Douglass and Wilson Commons went dark from 8:30 to 9:30 p.m. this past Saturday in honor of Earth Hour, a multinational movement to raise awareness about light pollution and climate change.

The event was put together by the Astronomy Club in hopes of gathering support for a lighting system throughout campus that is more environmentally conscious. It also aimed to inform students of the dangers of climate change and the need for sustainability now.

“Generally, you don’t know how you don’t really need all of these lights until we actually turn them off,” said Tri Nguyen, the club’s vice president. “We’re trying to make it a tradition every year.”

A talk at the event by Professor Lee Murray highlighted how students could do their part.

“Unfortunately, we’re in for an unavoidable addition of change even if we were to cease all emissions today,” Murray said. “Collective action is important and a must, but there are things that we as individuals can do. The two biggest on an individual action would be reducing beef intake and flying fewer miles.”

After the talk, students were given an option to sign a pledge to lead a more sustainable lifestyle and to make an effort to be more environmentally friendly with energy.

While After Hours performed, co-sponsoring clubs set up informational boards about other environmental concerns.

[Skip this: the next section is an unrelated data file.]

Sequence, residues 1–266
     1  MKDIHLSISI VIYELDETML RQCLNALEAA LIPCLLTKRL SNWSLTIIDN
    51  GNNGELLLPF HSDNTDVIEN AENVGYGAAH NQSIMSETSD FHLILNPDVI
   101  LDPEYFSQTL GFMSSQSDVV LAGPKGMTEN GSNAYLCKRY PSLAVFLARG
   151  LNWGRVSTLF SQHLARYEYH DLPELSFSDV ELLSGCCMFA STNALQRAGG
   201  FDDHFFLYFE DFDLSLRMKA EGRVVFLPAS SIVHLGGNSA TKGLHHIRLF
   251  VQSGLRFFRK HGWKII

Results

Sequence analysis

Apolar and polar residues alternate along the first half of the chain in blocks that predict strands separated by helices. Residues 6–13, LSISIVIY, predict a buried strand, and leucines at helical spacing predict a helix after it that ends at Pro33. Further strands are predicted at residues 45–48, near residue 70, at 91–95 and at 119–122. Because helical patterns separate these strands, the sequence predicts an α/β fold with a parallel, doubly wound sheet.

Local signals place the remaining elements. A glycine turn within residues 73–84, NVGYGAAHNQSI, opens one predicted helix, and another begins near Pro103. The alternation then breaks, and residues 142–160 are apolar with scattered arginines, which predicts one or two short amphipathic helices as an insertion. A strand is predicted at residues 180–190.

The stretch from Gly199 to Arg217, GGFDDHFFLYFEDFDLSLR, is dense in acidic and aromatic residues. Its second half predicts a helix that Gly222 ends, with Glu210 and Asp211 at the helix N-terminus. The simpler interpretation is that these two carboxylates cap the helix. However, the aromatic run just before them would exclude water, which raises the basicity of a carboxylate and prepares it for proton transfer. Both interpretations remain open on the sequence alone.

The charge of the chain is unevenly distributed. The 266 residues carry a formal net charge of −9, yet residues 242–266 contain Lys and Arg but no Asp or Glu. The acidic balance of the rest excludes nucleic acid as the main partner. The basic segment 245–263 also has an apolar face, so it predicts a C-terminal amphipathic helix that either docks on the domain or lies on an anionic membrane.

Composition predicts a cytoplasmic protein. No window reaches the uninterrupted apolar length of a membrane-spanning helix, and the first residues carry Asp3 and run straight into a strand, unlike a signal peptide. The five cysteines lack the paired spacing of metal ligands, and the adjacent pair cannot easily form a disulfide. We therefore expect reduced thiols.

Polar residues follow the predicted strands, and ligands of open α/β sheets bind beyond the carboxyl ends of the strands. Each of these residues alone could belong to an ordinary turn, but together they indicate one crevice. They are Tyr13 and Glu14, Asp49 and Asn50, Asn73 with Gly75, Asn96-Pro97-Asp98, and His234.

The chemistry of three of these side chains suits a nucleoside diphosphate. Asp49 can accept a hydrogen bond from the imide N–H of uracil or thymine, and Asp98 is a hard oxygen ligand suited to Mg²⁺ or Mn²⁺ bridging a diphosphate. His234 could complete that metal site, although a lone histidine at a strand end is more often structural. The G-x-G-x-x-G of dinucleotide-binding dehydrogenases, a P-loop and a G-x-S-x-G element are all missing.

Some of these clubs included the Society of Undergraduate Public Health Students, which discussed the health side of environmental risk factors. GreenSpace told students about how urban city lights form a glow around a city that can affect animals. Baby turtles often mistaken this glow for the moon and end up dying as they travel toward the city instead of the ocean.

Outside of Wilson Commons, the Astronomy Club set up telescopes so students could stargaze. There was a telescope pointed at the moon and another toward a star belt.

“This hour was actually started initially by amateur astronomers because of light pollution and how it dulls out the night sky,” sophomore Steven Spiewak, the Astronomy Club’s publicist, said. “You can’t really see the stars or anything. So, with turning off nonessential lights, not only does it help with energy sustainability and in the long-term climate change, but it gives you a better perspective on our personal universe.”

Many attendees enjoyed the event and agreed it was informative. Some said it motivated them to take action.

“It’s important to bring awareness of issues to light pollution and I think this year was really great because there was a speaker talking about climate change and all of these other environmental issues,” co-president of Grassroots and senior Gabrielle Scullard said. “Earth Hour is this international movement to turn off the lights from 8:30 to 9:30 p.m. on a particular day. But, it’s bigger than just light pollution and energy conservation. It’s thinking about how our actions and everyday things that we don’t think about affect everything.”

The Astronomy Club hopes to continue to up the ante every year by turning off more non-essential and ornamental lights off across campus. While it is hard to turn off all of the lights because of safety reasons, the group’s main goal for future years is to get the lights on the dome of Rush Rhees to shut off during Earth Hour.

“You can tie it to Paris, where they turn off the spotlights on the Eiffel Tower for this hour. That’s a huge symbol for France and their national pride,” Spiewak said. “We feel like the dome of Rush Rhees is a symbol for the University of Rochester. If we get those lights turned off, it will send a powerful message from the entire university community.”

 



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